What I might do is shorten the 1 to 4 by cutting off most of the 8 pin cable and re-joining it.

Not sure I would solder the brake, display etc direct in that way, if you get a fault its not so easy to replace the defective bit.
 

Woosh

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What I might do is shorten the 1 to 4 by cutting off most of the 8 pin cable and re-joining it.

Not sure I would solder the brake, display etc direct in that way, if you get a fault its not so easy to replace the defective bit.
I did not suggest you join the brake wires directly to the controller. Sorry if I gave that impression. What I mean is you use the connectors from the loom, they are waterproof. JST SM are not waterproof.
 

StuartsProjects

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Problems with gears

As mentioned earlier, I had switched the rear wheel from a 3 speed Sturmey Archer hub gear setup to a 2 speed rear Brompton wheel. This 2 speed wheel is around 600g lighter over a 3 speed hub gear setup and ought to be good enough, with electric assist, for eBrompton on most of the rides I do.

The two cogs on the rear are switched with a derailleur type arrangement with a slotted pusher that sits under one of the chain stays and pushes the cogs of the chain tensioner (needed to allow the fold to work OK).

51459

51460

There is a shift lever that attaches to the underneath of the standard Brompton right brake lever, but I had changed to the much lighter Aceoffix levers. I bought a push button 2 speed shifter and fitted it to the left handlebar, see below.

51461

However after a test ride, I realised that this shifter does not really have enough range to shift from one gear to the other. You can adjust the gear inner so that you can be in one gear or the other but you cannot shift. A shift lever with a bit more range is needed, I found a Sun Race friction shifter on eBay that came complete with cable for £9 delivered.

Now perhaps I should have tested the gears before fitting the 34g a pair foam grips, but I did not and to try out the new shifter I had to cut the grip off. Never mind they only cost around £2.40 a pair.

The Sun Race friction shifter had a range of 27mm versus 7mm for the push button shifter. It shifts fine, but the bar clamp has sharp corners and edges, maybe OK on aluminium bars, but not so good on carbon. Perhaps a bit of inner tube as a liner will help. There also really ought to be a ferule where the gear outer exits the shifter body.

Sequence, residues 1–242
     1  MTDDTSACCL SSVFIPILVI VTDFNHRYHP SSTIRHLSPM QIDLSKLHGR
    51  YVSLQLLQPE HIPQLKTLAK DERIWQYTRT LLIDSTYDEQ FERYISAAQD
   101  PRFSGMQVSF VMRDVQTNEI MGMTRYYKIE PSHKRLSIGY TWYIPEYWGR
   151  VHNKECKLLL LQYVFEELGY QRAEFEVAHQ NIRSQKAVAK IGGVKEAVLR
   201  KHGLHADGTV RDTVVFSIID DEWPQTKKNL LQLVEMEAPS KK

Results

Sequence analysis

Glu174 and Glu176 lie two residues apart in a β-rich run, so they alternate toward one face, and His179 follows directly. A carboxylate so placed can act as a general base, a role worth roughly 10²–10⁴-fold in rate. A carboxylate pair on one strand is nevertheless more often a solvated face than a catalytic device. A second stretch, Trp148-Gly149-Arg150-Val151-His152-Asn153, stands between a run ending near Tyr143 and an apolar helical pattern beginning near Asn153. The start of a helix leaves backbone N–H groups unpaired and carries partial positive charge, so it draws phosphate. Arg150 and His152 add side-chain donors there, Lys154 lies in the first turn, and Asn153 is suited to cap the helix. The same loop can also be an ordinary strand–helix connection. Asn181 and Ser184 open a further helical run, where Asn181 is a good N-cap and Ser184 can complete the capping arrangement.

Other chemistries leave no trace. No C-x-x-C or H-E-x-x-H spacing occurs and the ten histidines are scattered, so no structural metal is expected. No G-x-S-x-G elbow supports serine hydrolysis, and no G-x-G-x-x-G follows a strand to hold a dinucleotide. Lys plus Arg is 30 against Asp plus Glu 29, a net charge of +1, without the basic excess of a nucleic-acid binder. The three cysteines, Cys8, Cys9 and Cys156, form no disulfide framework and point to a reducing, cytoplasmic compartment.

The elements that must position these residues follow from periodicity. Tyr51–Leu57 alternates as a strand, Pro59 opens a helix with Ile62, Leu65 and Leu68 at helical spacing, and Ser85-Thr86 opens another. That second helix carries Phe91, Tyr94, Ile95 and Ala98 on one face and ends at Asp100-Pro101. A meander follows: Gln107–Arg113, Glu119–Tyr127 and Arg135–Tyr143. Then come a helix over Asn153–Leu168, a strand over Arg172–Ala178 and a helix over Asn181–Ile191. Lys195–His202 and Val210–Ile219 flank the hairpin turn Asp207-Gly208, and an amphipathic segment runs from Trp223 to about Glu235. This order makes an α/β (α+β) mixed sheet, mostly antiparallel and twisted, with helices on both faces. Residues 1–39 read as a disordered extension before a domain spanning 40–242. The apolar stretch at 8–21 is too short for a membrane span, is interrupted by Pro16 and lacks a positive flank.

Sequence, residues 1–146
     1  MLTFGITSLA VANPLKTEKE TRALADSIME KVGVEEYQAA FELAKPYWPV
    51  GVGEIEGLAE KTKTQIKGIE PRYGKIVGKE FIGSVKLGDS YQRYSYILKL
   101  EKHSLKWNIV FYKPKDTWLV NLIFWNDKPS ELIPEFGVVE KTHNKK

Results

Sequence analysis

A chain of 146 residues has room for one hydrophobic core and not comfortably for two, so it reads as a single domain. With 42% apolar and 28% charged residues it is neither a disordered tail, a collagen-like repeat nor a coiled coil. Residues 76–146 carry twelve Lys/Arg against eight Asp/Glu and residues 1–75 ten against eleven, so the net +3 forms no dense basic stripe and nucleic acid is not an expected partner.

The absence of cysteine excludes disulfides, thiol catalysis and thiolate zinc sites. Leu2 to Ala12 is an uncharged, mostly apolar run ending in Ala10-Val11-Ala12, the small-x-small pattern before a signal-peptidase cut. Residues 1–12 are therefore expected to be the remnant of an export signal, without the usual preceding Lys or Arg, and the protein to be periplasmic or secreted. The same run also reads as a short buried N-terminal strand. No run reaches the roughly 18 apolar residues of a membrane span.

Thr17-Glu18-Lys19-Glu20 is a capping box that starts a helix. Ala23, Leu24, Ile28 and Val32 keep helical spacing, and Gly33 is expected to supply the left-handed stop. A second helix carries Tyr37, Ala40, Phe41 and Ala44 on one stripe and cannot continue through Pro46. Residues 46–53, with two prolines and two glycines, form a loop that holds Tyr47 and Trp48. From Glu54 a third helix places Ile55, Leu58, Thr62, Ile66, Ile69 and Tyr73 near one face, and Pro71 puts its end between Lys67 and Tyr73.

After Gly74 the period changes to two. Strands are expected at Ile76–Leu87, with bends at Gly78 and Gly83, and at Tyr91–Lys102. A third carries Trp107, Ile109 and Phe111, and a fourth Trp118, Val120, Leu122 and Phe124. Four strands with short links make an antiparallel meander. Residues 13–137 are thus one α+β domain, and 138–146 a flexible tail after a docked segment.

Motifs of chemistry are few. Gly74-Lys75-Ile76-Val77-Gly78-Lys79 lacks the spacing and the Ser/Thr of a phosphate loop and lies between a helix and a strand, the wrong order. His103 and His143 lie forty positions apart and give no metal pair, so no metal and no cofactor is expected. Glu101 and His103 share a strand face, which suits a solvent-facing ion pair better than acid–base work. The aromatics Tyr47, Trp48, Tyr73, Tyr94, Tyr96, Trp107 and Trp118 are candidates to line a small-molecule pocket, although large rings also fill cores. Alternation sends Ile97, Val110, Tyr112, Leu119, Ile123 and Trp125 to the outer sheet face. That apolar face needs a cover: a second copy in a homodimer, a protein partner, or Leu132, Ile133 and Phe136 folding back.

51462


51463

The Sun Race shifter is fine for now, but its not exactly small and a more bar friendly clamp would be good. I will keep my eye out for a decent friction shifter.

Conversion kit

There is a base conversion kit out there that can be bought without battery, from TopBikeKit. It comes with a KT controller, LCD4 display (small and light!), brake levers with switches, motor cable, 1 to 4 cable. Its based on Julet connectors and costs about £300 delivered. It would likely fit in the smaller bag I found. There are optional batteries for the kit, a 10Ahr 10S2P based on Samsung 21700 50E or a 15Ahr 10S3P also using Samsung 21700 50E cells. The 10Ahr battery weighs in at 1.8Kg.

The kits use of Julet cables is fine, but for where I want to end up with this eBrompton they are not ideal. First off there can be quite a bit of spare cable, in particular the 1 to 4 cable. Your meant to run the 1 to 4 cable from the controller up to near the handlebars where it splits into the brake, display and throttle connectors. This, together with the short lengths of cable the Julet equipped brake sensors, display and throttle tend to come with, means you probably have a bunch of cables and connectors to fold up and store somewhere between the battery\controller bag and handlebars.

A KT controller that comes with JST-SM connectors could provide a neater and slightly lighter layout. The brake sensors, display and throttle that have the JST-SM connectors on them normally have long cables, typically 150cm, so they can be run direct to the battery\controller bag, cut to length and re-crimped. There would be no joints or spare cable outside of the bag. But JST-SM connectors are not waterproof.

So I ordered the TopBikeKit conversion kit and will initially build it as standard, with the battery and connectors in a handlebar bag sold as a low cost option with the kit. When the conversion is working I can then look at tidying up the setup by moving it all into a hopefully smaller bag on the luggage block on the steering tube. With this approach I will likely get the eBrompton into a working state quicker too.

Conversion kit arrives !

It was ordered on the 23rd April and arrived on the 2nd May, not bad delivery from the far East.

I put a Marathon racer tyre on the wheel (260g) and this is the kit parts, which look OK;


51464

51465

I weighed all the bits (minus battery and motor wheel), bag, controller, PAS, motor cable, display, brake lever and 1 to 4 cable I would need it came to 787g.

I weighed a standard front Brompton wheel (no tyre tube or rim tape) and it was 615g. The kit motor wheel weighed in at 1906g, so adding the motor wheel adds 1291g to the weight of the bike. Thus the total added weight (minus battery) of Brompton to eBrompton will be 2078g, plus a few zip ties.


Next: Fitting the PAS.